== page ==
Do you have a teenage son? If you do, you might be familiar with dinner conversations that start with “In Top Gear, Jeremy Clarkson said…”
For a while, EVERYTHING 15-year old Jabulani wanted to tell us started with those words. Jeremy Clarkson and his two sidekicks were like demigods who could do no wrong. We were treated to endless recountings of Top Gear episodes, which cars they entailed, why this or that one was better than the other, how those guys got out of a tight spot and what kind of tricks they played on each other… It just went on and on and on, so I finally did what every good mother does: I decided to watch an episode with him, even though cars are the very last thing that interests me. (Or not the last, as I spend half my life in one, it seems. They just don’t interest me as an object of desire. They interest me as an object of convenience and as such I take them for granted.).
Jabulani, to his credit, picked well. He was so thrilled that I would watch his favorite show with him that he chose the episode he thought I was most likely to enjoy: The Africa Special.
And he was right. I was instantly hooked.
(Real quick, if you don’t know Top Gear, give it a try. It really is an entertaining show. It’s basically all about cars, and about three guys who test different cars in the weirdest competitions they can think of, which always seem to result in the partial dismantling or blowing-up or perhaps even sinking to the bottom of a body of water of said cars. But the best feature of the show is the British humor. You can’t watch without laughing out loud at their antics and jokes repeatedly. You can totally have no interest in cars whatsoever and still love this show.)
The Africa Special is the one where Jeremy Clarkson, Richard Hammond, and James May set out to find the source of the river Nile. In three cars, of course, each one of them less suited to the task than the other. Their journey takes them through Uganda and Rwanda, and then across Lake Victoria into Tanzania and the Serengeti. They have to rely on pure ingenuity to keep going and adapt their cars to the task at hand, and at times they have to rely on the help of the people around them.
And that gets me to the theme of this post. There is a scene in there where all their cars get stuck in the mud. Almost instantly, it seems, a few barefooted locals materialize and help out by “building” a new road and pushing the cars and generally working hard while making it look as if there is nothing in the world they’d rather be doing at the time.How often I have witnessed just such a scene while living in Africa! It is, to me, the epitome of that continent. Sure, there is the sweeping savannah; the majestic animals; the stunning sunsets; the smell of the first rain after five months of drought; the mesmerizing colors of red dirt against deep blue sky; the cry of the hadeda; the bustle and the jostling and the vibrancy in its cities; and the stately elegance of the women carrying loads on their heads. All that is Africa, but what has stayed with me the most about our life in Africa is the kindness of its people. The way a crowd forms instantly when there is a problem. The way everyone offers his or her opinion, in a genuine effort to help. The way no one is in a rush to get back to his own issues and problems and seems to have nothing better to do than helping you with yours. The way you are greeted with smiles wherever you go, everyone ready with a joke to lighten the mood. The way you just can’t help but feel calmer and more at peace after such interactions. The way everything seems right with the world when you’re in Africa, even if so many things are wrong.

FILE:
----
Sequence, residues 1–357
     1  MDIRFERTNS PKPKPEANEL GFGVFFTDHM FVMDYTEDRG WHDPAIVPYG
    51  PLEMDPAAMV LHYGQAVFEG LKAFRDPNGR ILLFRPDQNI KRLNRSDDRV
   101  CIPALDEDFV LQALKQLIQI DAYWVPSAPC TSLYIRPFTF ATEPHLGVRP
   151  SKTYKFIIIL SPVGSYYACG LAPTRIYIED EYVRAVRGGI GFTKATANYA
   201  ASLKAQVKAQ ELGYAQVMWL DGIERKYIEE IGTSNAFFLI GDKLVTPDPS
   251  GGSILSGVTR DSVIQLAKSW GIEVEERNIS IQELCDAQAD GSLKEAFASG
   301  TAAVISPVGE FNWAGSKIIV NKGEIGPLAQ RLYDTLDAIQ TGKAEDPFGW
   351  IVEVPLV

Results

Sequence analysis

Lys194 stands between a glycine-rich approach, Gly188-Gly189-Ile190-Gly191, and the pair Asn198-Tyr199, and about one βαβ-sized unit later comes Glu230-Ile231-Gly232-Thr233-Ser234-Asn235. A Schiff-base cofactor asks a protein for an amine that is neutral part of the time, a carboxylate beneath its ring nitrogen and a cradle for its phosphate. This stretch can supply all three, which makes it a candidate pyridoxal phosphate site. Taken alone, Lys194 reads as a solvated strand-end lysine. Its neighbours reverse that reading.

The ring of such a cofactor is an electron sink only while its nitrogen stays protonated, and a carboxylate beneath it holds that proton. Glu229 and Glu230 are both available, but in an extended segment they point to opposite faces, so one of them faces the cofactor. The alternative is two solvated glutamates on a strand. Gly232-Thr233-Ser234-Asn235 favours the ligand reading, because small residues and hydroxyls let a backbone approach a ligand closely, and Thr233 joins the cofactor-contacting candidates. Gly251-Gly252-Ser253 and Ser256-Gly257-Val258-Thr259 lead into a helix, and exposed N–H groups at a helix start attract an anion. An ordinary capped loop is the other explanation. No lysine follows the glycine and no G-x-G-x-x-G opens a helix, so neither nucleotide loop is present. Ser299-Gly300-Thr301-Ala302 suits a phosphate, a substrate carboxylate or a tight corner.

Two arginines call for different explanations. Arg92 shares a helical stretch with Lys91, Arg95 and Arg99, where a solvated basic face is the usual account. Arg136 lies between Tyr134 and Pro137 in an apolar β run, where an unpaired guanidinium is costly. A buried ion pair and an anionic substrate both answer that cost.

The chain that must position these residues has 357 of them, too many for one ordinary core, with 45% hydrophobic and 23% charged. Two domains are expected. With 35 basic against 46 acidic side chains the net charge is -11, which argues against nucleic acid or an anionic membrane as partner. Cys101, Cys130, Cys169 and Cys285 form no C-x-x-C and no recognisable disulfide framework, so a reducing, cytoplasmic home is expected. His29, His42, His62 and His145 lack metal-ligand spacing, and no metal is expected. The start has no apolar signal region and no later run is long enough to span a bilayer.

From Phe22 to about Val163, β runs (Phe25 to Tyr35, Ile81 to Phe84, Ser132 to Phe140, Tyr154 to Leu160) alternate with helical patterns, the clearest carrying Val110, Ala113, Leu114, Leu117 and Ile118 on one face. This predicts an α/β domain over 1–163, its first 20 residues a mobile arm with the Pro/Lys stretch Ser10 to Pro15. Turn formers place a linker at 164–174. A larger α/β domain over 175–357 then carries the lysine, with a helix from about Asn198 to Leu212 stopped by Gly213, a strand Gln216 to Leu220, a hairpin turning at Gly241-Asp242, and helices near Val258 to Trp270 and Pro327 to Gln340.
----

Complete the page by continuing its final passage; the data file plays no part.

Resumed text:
Its people, more than anything else, make Africa special to me, and why I can’t seem to get it out of my blood. Have I wished, while living there, that things were more efficient? That people would focus on the task at hand? That they would do what they said they’d do so that I could check stuff off my list neat and tidy, like my American efficient Type A personality demanded it? You bet I have. Many times. But I also know this: All the people who’ve ever helped me in Africa – the many times I had a flat tire, for instance – might have been dropping some other task they were working on and without a moment’s hesitation lent me a helping hand.Top Gear might not be the best example to showcase African kindness. Who knows, maybe they staged the whole thing to make it a good production. They probably often do. But I don’t care. Watching the Africa Special made me long for Africa.
Watch it, and tell me what you think!